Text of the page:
Global online sales reached 22% of all retail sales in 2023. eCommerce sales reached $6.54 trillion globally by 2023.
Digital ad spending increased 49% in the first half of 2021. 48% of online shoppers go straight to ecommerce marketplace for their purchases.
Shows that 71% of companies reported increased usage of online marketplaces. Technology is responsible for driving more of the US economy than any other profession asid and there is only growth on the horizon.
AI and machine learning are set for significant growth. In fact, machine learning, deep learning and NLP (natural language processing) are the skills that are most in-demand. Artificial Intelligence is expected to contribute $15.7 trillion to the economy by 2030.
Global machine learning market to grow to $152.24 billion in 2028 at a CAGR of 38.6%. The firms predict that machine learning will power 8.4 billion voice assistants by 2024.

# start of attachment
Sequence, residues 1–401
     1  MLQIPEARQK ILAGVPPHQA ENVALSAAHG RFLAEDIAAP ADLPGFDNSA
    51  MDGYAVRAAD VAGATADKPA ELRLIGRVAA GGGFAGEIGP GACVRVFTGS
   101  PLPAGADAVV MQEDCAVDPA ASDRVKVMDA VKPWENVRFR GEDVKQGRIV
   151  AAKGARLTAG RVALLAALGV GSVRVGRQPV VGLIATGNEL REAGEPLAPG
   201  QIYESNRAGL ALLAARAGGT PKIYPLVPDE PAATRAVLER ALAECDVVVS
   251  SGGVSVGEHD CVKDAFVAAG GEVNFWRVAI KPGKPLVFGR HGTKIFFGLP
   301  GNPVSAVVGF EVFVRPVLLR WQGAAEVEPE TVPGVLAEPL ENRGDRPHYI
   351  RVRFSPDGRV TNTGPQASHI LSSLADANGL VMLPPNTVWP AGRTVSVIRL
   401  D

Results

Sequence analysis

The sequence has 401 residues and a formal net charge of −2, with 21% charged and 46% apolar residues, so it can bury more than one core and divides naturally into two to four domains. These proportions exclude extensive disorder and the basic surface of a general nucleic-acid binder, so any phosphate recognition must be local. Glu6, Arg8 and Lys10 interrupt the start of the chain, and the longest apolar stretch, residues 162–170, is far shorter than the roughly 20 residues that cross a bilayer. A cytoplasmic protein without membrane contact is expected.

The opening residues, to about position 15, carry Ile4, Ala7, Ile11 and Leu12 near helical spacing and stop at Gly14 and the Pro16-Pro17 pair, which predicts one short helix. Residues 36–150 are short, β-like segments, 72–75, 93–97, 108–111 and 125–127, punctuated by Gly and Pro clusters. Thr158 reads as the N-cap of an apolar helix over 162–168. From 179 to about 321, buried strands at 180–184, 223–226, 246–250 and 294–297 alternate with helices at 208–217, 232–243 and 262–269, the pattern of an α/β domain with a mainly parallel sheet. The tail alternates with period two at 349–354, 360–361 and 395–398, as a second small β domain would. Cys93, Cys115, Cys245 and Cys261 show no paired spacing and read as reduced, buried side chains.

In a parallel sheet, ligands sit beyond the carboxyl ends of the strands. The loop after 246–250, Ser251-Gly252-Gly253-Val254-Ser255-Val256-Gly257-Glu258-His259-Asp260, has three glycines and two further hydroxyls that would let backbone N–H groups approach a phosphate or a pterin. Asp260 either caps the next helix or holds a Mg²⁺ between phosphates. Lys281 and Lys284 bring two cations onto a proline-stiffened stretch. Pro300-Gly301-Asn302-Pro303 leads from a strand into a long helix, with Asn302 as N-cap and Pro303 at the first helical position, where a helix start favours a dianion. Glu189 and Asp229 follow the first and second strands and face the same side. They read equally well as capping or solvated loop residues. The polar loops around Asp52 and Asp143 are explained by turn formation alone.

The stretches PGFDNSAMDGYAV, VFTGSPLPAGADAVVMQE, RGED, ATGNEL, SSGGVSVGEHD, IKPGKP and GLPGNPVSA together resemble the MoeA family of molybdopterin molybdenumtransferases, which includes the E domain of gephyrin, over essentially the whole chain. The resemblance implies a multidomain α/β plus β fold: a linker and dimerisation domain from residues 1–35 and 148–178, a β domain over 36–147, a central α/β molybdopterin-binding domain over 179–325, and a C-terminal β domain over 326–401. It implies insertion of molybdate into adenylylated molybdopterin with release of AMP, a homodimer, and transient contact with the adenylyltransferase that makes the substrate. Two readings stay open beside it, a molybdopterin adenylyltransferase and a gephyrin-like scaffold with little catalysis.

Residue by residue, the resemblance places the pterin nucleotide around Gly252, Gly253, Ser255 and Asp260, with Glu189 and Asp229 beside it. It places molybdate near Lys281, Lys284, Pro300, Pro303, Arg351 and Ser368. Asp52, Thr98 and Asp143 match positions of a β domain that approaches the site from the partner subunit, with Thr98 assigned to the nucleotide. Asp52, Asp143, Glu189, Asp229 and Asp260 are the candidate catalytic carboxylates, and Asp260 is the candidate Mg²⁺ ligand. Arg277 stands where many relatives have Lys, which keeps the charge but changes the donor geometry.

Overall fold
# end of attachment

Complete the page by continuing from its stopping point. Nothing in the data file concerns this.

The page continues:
By 2025, firms that adopt AI will be 10 times more efficient and have twice the market share than those who haven’t, 60% of entrepreneurs believe that AI is the most promising technology from an innovation standpoint.
91.6% of Fortune 1000 companies plan to invest more in big data and AI initiatives.
In 2019, it was impossible to think of normal educational systems being based entirely online, but we are now at the point where this is a much bigger reality. Because of this, I expect the mobility and globalization of education to push to a much broader offering of e-learning, including bachelor’s, master’s and even doctoral degrees. While we’re seeing schools and universities going in that direction with some of their programs, this will likely be accelerated by other universities around the world, becoming a global trend. Even more importantly, it might become much more accepted that remote opportunities have similar value to that of face-to-face programs. Even with youth education, it will likely take some of these technologies to facilitate different models of education over the next five to 10 years, with programs more oriented to the student, offering more personalized content and different paces for learning.